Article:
Princeton Election Consortium

A first draft of electoral history. Since 2004

Entries Tagged as 'Senate'

The 2016 Senate Forecast (open comment period)

August 29th, 2016, 12:00pm by Sam Wang

Update, August 30: Commenters are strongly against the use of an expert prior. One reader, Tony Asdourian, writes: “I understand there are competing values– the simplicity of only using polls vs. the need to be as accurate as possible– but to be honest, I think that your “brand” (not that you want one!) revolves around trying [...]

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Tags: 2016 Election · Senate

Can Third-Party Candidates Help Save The Republican Downticket?

August 10th, 2016, 8:36pm by Sam Wang

On Monday, the Princeton Election Consortium got its 10 millionth view since it became a WordPress site in 2008. Traffic in July 2016 was over 50 times larger than July 2012. Thank you, both old and new readers! >>> The Presidential cake is baking. Hillary Clinton’s lead over Donald Trump has increased in national polls [...]

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Tags: 2016 Election · House · President · Senate

Why follow polls?

August 5th, 2016, 10:00am by Sam Wang

Before the 2016 campaign season, I had reservations about re-starting up this site’s polling analysis. However, there was one big reason in favor of doing it. It has to do with your readership of the site – and how you can best influence the outcome. The biggest reason not to re-start the site was the [...]

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Tags: 2016 Election · House · President · Senate

Senate update

July 20th, 2016, 3:51pm by Sam Wang

Indiana is updated to be Young (R) vs. Bayh (D). Bayh is a massive favorite, and his entry into the race pushes the overall Senate snapshot to a median of 50-50.

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Tags: 2016 Election · Senate

The party conventions begin

July 18th, 2016, 8:01am by Sam Wang

The Republican Party’s national convention starts today [schedule]. Conventions are a chance for a political party to showcase their unity, their candidate, and their policies. Next week the Democrats take the national stage. Viewers will get a fairly direct contrast. As measured via state polls, the Presidential race shows Hillary Clinton slightly ahead of where [...]

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Tags: 2016 Election · House · President · Senate

Politics and Polls: a podcast with Julian Zelizer

July 1st, 2016, 12:00pm by Sam Wang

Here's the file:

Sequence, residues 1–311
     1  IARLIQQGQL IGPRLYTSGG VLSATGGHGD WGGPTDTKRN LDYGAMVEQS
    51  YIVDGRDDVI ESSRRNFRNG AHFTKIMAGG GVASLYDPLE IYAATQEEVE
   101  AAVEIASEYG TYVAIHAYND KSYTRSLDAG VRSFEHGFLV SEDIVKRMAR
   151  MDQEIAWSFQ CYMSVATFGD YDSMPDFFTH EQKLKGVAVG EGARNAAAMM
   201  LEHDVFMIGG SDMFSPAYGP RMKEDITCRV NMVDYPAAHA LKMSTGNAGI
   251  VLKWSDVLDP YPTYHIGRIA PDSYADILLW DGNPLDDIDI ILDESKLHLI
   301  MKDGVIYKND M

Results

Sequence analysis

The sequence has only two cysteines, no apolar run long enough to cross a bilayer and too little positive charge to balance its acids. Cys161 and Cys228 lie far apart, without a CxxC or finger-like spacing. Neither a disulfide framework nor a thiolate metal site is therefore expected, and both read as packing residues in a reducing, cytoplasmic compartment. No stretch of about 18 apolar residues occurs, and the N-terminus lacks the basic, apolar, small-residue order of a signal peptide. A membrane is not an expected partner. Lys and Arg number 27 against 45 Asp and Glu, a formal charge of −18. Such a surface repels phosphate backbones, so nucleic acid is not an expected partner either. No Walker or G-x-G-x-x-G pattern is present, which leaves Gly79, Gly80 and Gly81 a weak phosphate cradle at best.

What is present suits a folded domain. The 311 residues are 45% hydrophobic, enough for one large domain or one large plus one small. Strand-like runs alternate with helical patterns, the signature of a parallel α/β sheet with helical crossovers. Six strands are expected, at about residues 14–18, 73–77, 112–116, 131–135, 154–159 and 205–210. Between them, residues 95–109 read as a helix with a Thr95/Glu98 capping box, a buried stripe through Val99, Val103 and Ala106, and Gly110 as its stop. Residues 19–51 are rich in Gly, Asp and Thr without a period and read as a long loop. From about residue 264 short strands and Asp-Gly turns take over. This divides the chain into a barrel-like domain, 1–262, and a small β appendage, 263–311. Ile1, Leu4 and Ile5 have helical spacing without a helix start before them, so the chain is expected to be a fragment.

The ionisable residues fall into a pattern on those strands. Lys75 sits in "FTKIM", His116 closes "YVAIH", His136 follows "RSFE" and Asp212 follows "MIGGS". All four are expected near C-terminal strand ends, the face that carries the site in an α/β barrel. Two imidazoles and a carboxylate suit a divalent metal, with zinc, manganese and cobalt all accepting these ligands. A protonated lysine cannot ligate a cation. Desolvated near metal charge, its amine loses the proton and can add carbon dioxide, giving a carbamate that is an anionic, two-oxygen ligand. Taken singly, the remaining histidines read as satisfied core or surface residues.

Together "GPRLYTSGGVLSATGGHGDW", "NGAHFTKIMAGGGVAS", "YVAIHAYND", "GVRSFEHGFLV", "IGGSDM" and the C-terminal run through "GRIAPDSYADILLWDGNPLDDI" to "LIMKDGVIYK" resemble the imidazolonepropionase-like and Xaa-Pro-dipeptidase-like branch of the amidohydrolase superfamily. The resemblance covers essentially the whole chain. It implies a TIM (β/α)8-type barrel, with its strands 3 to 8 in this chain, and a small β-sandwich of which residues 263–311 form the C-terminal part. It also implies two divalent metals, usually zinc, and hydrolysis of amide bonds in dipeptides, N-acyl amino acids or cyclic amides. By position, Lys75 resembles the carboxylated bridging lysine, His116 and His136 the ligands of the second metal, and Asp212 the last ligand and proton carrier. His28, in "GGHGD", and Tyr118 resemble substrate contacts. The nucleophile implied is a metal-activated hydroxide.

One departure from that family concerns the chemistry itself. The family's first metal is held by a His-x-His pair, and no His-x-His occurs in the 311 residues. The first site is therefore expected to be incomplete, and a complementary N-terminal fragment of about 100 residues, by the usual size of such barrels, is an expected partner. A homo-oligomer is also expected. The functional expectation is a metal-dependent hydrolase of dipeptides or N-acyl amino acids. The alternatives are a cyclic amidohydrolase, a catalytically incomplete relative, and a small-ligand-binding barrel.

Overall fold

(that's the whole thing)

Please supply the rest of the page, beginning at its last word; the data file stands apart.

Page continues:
It’s a new collaboration with Julian Zelizer over in History. The first episode, produced by the Woodrow Wilson school, is posted here, as well as on iTunes. Topics include: is a 1964-like landslide possible this year? Does Brexit teach us anything about the Trump phenomenon? Does The Party Decide on nominees? Is a realignment of [...]

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Tags: 2016 Election · House · President · Senate

Slow news month ahead?

March 26th, 2016, 1:03pm by Sam Wang

I’m on a low-posting regimen for a little while. Basically, I think the Democratic and GOP primaries are settled. That said, why don’t you comment on which of the following would be most interesting:

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Tags: 2016 Election · House · President · Senate

On the passing of Justice Scalia and this year’s voting rights cases

February 14th, 2016, 10:04am by Sam Wang

An underappreciated fact about the U.S. Supreme Court is just how often its decisions are unanimous, or nearly so. In past years, the two justices who disagreed the most often were Ruth Bader Ginsburg and Samuel Alito – and even then, they only disagreed about one-third of the time. Above is a visualization of “disagreement [...]

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Tags: 2016 Election · President · Redistricting · Senate

Exceptionally Low Turnout Can Account For Polling Errors

November 10th, 2014, 9:26am by Sam Wang

At The American Prospect: Tweet !function(d,s,id){var js,fjs=d.getElementsByTagName(s)[0],p=/^http:/.test(d.location)?’http’:'https’;if(!d.getElementById(id)){js=d.createElement(s);js.id=id;js.src=p+’://platform.twitter.com/widgets.js’;fjs.parentNode.insertBefore(js,fjs);}}(document, ‘script’, ‘twitter-wjs’); In the home stretch, I wrote that midterm polling is far less accurate than in Presidential years. Today, in The American Prospect, I detail how this year’s polling errors are correlated with voter turnout, which was the lowest since 1942, as based on Michael McDonald’s tabulation [...]

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Tags: 2014 Election · governors · Senate

The Midterm Polling Curse (Morning-after edition)

November 5th, 2014, 11:41am by Sam Wang

Pre-election PEC Senate aggregate: 52 Republican seats. Outcome: 52 or more Republican seats (Alaska is not called, and Louisiana goes to a runoff). As I wrote in The New Republic, last night’s performance by the GOP was remarkable. In close Senate races, Republicans outperformed polls by an average of 5.3 percentage points. Prime examples of [...]

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Tags: 2014 Election · governors · Senate